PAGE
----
B. The Characterization of Certain Disputed Cash Transfers

Plaintiffs' breach of fiduciary duty claim stems from a disputed transfer of $2, 195, 084 between Aspen University and HEMG, and how that transaction or series of transactions was reported in SEC filings and accounting statements. In its March 19, 2012 Form 8-K filing, Aspen Group stated that as of "December 31, 2011, [Aspen Group] included as an asset a loan receivable of $2, 209, 960 from HEMG."[3] Specifically, the Form 8-K stated that:

In connection with the audit of Aspen's financial statements for 2010-2011, Aspen discovered in November 2011 that HEMG had borrowed $2, 195, 084 from it from 2005 to 2010 without Board of Directors authority. Aspen has been unable to reach any agreement with Mr. Spada concerning repayment and is considering its options.[4]

In addition, "in order to secure the repayment of that debt, " Defendants Mathews, D'Anton, and Scheibelhoffer pledged their shares of Aspen Group stock as collateral.[5] Aspen Group made similar statements in numerous subsequent SEC filings, which are quoted at length in the Complaint.[6]

On April 13, 2012, the SEC Division of Corporate Finance issued a letter to Garrity seeking more information with regard to the purported "loan"[7] and why Aspen Group had recorded it as a secured receivable asset in its accounting statements. The SEC disputed the characterization of the alleged transaction as a secured loan between HEMG and Aspen Group, stating "the amounts related to improper cash advances should have been recorded as a loss due to misappropriation of assets rather than as a receivable."[8] Defendants, through Garrity, defended Aspen Group's right to list the alleged loan as a receivable.

Aspen Group, in an August 20, 2012 Form 10-Q, reported that: "On August 16, 2012, following a series of discussions with the Staff of the SEC, the [Aspen Group] Board approved a write-off of this receivable, " i.e., the Loan.[9] Aspen Group also released Mathews, D'Anton, and Scheibelhoffer from their pledge of shares as collateral. Aspen Group further disclosed that it:

Amend[ed] and restat[ed] in its entirety the [Aspen Group] Quarterly Report on Form 10-Q for the quarterly period ended March 31, 2012 filed on May 15, 2012 (the "Initial 10-Q"). This report was necessary to reflect a restatement relating to the write-off of a loan receivable of approximately $2.2 million owed by a corporation which is believed to still be controlled by Aspen's former Chairman.[10]

In a Form 8-K also filed on August 20, Aspen Group additionally disclosed that it would revise its March 31, 2012 financial statements. On August 30, 2012, the SEC issued another letter to Garrity asking Aspen Group to "clearly indicate that the [August 20 Form 8-K] restatement relates to the correction of an error."[11] In response, Aspen Group, on September 21, 2012, amended its August 2012 Form 8-K to clarify that it had made "an error in the accounting for a loan receivable of approximately $2.2 million owed by a corporation which is believed to still be controlled by Aspen Group's former Chairman."[12]

In its SEC filings, Aspen Group has continued to describe the transaction that led to the write-off as an "unauthorized loan, " discovered by a November 2011 audit (the "Audit ").[13] Since the September 21, 2012 Amended 8-K/A, the SEC has not advised Aspen Group that it has any issues with the way that Aspen Group is accounting for the Loan, i.e., as a write-off and not as a receivable.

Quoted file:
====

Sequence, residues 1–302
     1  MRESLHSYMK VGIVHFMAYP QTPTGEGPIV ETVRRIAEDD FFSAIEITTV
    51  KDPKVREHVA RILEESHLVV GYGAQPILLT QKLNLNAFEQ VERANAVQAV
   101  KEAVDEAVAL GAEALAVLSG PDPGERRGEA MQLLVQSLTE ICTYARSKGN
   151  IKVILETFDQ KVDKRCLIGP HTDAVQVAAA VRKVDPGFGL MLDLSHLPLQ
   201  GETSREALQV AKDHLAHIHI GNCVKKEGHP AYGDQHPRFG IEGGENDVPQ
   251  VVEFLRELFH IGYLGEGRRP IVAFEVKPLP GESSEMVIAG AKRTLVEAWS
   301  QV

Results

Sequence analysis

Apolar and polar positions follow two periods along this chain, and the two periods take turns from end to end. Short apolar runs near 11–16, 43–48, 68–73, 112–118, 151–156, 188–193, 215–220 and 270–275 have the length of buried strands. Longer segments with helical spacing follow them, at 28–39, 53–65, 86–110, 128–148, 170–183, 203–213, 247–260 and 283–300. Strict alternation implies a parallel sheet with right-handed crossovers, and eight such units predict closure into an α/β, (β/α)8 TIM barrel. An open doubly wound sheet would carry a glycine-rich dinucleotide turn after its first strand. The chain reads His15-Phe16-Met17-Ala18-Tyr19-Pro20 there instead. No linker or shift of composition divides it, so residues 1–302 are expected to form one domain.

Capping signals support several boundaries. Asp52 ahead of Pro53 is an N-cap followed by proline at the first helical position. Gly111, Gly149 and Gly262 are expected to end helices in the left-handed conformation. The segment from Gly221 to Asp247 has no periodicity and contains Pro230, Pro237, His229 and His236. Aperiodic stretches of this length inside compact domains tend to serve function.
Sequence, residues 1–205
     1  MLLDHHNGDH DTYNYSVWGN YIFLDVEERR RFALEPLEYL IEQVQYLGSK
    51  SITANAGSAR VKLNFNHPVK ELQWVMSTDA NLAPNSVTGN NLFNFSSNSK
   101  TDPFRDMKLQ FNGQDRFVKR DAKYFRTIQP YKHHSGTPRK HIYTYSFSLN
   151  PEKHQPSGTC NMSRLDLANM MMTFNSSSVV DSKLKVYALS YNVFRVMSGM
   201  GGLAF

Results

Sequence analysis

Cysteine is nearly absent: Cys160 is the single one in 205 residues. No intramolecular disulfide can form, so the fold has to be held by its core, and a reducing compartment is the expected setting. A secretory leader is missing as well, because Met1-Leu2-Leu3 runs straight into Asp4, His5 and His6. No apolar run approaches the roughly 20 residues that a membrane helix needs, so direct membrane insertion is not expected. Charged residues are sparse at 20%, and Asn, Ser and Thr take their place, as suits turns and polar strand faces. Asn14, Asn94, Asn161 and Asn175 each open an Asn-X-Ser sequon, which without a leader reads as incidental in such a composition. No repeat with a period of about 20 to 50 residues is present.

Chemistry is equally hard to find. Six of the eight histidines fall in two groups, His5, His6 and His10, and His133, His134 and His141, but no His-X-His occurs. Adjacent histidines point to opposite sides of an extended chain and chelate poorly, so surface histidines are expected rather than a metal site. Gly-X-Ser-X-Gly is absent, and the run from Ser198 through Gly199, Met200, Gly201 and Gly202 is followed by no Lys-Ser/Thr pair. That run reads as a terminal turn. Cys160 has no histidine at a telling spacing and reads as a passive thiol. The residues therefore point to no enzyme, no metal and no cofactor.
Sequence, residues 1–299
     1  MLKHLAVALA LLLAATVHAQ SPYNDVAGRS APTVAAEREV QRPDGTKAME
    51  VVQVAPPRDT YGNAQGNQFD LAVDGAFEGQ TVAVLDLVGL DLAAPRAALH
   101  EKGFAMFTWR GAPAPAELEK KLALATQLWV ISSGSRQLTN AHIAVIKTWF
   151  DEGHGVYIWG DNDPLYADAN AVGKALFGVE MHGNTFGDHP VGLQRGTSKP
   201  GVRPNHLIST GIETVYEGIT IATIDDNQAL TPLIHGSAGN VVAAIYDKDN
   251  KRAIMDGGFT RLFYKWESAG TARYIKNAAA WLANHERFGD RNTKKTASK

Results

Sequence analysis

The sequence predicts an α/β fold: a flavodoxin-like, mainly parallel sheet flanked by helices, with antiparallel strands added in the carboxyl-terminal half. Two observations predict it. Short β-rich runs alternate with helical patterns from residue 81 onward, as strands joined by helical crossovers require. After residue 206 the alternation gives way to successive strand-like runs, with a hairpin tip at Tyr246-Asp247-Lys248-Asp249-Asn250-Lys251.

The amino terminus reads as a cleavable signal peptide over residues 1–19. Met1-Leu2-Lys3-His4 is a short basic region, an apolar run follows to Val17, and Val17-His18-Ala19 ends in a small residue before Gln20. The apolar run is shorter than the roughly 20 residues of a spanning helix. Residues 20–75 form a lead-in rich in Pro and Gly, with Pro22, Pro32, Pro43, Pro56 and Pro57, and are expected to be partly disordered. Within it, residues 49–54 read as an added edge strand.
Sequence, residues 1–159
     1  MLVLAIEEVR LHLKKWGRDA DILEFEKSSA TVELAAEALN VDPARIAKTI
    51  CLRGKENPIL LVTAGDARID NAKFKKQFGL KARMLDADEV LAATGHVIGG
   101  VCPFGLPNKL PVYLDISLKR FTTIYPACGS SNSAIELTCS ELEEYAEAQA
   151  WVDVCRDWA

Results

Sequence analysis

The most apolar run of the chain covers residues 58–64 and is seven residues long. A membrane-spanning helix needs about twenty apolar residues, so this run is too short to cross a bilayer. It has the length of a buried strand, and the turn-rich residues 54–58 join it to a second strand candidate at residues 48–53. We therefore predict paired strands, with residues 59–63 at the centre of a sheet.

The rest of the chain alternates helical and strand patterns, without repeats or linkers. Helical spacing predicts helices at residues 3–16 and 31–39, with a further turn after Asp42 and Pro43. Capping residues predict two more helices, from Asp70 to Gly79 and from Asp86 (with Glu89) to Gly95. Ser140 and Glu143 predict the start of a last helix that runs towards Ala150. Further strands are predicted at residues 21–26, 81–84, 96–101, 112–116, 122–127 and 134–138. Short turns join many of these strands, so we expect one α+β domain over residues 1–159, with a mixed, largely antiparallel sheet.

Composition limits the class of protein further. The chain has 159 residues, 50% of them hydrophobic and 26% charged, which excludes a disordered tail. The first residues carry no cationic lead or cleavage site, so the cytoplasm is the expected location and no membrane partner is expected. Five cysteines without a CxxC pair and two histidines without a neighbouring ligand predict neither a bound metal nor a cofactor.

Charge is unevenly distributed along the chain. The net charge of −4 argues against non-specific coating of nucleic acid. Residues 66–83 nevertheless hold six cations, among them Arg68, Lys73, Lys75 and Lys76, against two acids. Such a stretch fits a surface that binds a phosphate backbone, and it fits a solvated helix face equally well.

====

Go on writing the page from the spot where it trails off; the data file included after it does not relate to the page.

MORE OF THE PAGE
Plaintiffs vehemently deny that any transfer of money ever occurred, and allege that Aspen Group had actual knowledge that no loan had occurred, even when it was reporting the Loan in its SEC filings. Plaintiffs offer three theories to support these allegations. First, Plaintiffs allege that Defendants have no documentation to prove the existence of the Loan, because Plaintiffs' counsel asked for documentation but never received anything. Second, Plaintiffs argue that, even if the Loan existed, the Defendant Directors were aware of a September 16, 2011 release (the "Release") between Aspen Group and Plaintiffs that released all payment obligations. Third, Plaintiffs aver that each of the Director Defendants knew that the Loan was a fabrication.

Plaintiffs make identical claims that each director approached Spada, asking him to sign two documents. One, an IRS Form 1099-Misc, allegedly would have acknowledged that the Loan existed, and the other would have released Spada and HEMG from any debt obligations arising from the Loan. According to the Complaint, the Director Defendants wanted Spada to sign these documents to bolster Aspen Group's financial statements for the accreditation process.

The Complaint also describes a December 11, 2011 meeting between Spada and two Aspen Group board members that purportedly evidences Aspen Group's actual knowledge that there was no Loan. Plaintiffs allege that, on December 11, Spada met with Mathews, Scheibelhoffer, and Ken Mathiesonheld in New York City.[14] At this meeting, Defendants Mathews and Scheibelhoffer allegedly attempted to coerce Spada to corroborate the existence of the Loan. Spada had subsequent conversations with Mathiesonheld and Mathews on February 4, 2012, where each allegedly tried again to convince Spada to acknowledge the Loan. Lastly, on July 25, 2012, [15] Aspen Group's counsel sent a letter to Plaintiffs' counsel, on which he copied Mathews and Garrity, detailing the SEC's insistence that Aspen Group change the Loan from an asset to a write-off on its balance sheet and urging Plaintiffs to corroborate the Loan's existence. These communications, according to Plaintiffs, support a reasonable inference that the Director Defendants knew that the Loan never ...